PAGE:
A culture of conformity would try to control you through persuasive speech. Whether it be the marketing of the clothes you wear, the political view you hold, the religion you believe is “the right religion“, the medication that is the right prescription to end your disease, the foods you should eat or the beer or wine you should drink etc. A culture of creativity would have you fully examining what brings you to that place of “ease”. The culture of conformity is a culture of “this is” as dictated by the loudest voice or the most convincing parental authoritarian. The culture of creativity recognizes the value of balance, equanimity, sustained joy and well-being and the training needed to still the craving mind of dissatisfaction.The only thing we need to conform to is our deep intention to not cause harm. Once we can agree on this we can set our thoughts and actions to relieving the suffering of others, to feeding stewardship for the gifts that we have received through the air, land, water, and the beauty of nature and those around us. Once we realize what real “well-being“ is, we find it lives in our center. The center of the body is where we find our grounding and our stability. When we realize this we realize the value in becoming lighter, craving less and hanging on less, to finding that place of ‘just enough’. We become more nimble in our movement, filled with gratitude for what we have. The hungry ghost that’s always asking for more, the mind of dissatisfaction that feeds our disease, begins to settle down. This is the mind of moderation and we stop rewarding craving and excess material accumulation. We start living with greater balance, alignment, less complaint and more joy.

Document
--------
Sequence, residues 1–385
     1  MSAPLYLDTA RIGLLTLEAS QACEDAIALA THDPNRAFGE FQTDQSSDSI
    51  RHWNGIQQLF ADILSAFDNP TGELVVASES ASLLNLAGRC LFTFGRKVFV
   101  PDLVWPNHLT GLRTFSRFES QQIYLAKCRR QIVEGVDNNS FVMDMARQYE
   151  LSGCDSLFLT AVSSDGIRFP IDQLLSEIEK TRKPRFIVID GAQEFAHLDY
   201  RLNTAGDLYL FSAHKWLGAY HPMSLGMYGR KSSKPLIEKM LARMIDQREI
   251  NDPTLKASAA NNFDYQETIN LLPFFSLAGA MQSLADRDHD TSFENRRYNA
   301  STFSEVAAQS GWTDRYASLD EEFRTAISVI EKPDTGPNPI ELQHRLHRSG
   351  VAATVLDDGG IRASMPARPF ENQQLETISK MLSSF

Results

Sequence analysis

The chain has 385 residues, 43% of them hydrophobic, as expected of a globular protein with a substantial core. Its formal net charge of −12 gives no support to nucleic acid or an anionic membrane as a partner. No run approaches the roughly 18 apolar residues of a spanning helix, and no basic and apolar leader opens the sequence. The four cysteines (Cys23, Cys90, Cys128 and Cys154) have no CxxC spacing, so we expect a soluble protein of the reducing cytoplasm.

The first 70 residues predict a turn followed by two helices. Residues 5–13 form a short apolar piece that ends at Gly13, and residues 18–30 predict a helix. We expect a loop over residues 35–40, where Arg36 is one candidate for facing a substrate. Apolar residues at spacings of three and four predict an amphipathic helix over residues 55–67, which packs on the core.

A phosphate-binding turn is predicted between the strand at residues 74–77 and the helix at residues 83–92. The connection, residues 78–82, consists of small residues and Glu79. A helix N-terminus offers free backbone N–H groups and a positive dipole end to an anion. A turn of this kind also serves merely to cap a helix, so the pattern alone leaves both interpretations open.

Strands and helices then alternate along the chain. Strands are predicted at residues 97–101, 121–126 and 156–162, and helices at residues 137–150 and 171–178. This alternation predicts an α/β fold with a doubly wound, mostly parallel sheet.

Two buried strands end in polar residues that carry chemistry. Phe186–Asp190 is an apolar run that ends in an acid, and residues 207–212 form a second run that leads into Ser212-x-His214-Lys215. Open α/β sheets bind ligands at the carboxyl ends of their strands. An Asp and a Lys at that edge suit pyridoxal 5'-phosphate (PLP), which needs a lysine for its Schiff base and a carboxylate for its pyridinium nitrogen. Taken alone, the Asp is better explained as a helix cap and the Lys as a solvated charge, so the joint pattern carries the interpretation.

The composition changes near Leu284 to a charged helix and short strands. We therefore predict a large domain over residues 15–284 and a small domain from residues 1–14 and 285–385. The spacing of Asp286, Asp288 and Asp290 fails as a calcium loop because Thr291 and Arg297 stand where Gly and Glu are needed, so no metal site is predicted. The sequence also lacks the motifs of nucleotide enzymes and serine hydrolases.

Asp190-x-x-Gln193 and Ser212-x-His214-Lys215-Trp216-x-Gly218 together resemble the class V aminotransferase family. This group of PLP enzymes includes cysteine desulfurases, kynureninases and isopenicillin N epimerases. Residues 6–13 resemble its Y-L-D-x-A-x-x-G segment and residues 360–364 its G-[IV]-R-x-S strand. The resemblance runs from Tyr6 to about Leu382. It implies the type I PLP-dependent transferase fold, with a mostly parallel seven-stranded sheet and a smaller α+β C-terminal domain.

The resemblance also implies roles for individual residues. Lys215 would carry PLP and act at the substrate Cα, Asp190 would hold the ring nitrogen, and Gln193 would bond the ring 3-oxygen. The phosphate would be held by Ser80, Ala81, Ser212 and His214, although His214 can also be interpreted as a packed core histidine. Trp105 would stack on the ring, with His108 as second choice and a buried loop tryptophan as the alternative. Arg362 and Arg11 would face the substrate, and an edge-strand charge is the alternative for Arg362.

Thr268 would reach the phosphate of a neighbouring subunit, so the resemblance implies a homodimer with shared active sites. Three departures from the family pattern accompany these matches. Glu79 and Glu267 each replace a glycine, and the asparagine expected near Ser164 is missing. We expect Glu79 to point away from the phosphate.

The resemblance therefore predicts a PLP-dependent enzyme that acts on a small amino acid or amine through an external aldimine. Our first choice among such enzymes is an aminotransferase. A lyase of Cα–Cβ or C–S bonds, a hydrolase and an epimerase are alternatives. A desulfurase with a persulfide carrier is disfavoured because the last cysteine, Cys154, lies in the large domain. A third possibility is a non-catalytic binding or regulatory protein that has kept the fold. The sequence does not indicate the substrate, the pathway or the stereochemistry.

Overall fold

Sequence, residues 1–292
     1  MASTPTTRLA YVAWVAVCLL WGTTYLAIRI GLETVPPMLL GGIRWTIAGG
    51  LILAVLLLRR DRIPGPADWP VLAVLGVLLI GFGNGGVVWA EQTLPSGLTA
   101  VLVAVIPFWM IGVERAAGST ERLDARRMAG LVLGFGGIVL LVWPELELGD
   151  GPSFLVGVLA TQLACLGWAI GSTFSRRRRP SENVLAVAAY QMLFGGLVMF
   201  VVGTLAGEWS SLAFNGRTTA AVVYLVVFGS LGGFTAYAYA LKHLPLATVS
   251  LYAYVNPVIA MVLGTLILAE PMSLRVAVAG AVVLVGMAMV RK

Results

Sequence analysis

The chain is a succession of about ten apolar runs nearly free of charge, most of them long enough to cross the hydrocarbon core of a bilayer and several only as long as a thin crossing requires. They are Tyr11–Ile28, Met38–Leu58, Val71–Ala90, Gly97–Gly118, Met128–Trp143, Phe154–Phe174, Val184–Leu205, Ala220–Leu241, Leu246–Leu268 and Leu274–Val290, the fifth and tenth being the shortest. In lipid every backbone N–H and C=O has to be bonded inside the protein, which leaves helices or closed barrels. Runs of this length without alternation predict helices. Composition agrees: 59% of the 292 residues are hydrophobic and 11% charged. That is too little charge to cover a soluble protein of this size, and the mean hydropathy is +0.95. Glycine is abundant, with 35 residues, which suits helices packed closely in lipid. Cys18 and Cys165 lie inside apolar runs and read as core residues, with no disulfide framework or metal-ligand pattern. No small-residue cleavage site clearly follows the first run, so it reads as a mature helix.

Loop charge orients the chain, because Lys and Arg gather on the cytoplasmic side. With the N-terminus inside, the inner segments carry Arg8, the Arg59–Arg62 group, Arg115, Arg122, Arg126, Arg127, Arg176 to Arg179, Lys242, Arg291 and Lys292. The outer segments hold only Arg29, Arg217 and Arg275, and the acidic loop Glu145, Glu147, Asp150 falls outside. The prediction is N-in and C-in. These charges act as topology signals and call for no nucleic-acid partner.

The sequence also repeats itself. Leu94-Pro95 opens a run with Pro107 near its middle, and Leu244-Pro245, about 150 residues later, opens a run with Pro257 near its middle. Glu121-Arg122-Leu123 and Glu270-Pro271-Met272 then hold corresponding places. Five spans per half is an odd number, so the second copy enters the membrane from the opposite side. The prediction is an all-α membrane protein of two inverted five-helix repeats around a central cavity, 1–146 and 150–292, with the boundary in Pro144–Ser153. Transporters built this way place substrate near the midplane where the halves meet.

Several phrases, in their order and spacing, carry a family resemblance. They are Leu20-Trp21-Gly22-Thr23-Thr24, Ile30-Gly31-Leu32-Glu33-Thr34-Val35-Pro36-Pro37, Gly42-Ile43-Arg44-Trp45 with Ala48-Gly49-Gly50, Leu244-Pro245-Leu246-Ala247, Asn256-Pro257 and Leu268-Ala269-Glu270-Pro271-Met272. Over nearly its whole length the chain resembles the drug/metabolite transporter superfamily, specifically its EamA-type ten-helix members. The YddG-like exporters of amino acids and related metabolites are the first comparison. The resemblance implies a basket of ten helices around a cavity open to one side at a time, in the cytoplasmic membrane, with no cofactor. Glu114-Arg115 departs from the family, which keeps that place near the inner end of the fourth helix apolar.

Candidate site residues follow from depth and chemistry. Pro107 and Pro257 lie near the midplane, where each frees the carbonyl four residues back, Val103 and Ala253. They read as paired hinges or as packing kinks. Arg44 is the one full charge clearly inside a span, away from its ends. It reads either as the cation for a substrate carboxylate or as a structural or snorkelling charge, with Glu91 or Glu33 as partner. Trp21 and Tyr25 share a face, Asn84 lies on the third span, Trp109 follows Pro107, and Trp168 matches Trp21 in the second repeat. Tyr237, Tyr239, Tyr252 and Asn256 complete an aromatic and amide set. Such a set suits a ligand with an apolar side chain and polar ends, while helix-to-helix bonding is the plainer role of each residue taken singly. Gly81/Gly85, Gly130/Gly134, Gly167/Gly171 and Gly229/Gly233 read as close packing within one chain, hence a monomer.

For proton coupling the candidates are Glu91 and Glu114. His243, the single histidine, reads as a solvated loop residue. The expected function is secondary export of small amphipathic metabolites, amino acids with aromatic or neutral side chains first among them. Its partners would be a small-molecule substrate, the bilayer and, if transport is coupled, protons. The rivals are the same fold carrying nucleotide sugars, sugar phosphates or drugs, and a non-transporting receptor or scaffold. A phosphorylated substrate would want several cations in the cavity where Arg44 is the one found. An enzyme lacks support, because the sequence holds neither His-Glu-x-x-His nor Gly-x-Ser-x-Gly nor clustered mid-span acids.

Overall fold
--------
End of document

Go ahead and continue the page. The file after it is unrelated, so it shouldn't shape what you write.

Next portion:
Aiming to Healing

Saturday, February 5th, 2022
Turning up the volume to healing. Howling and toning the horn.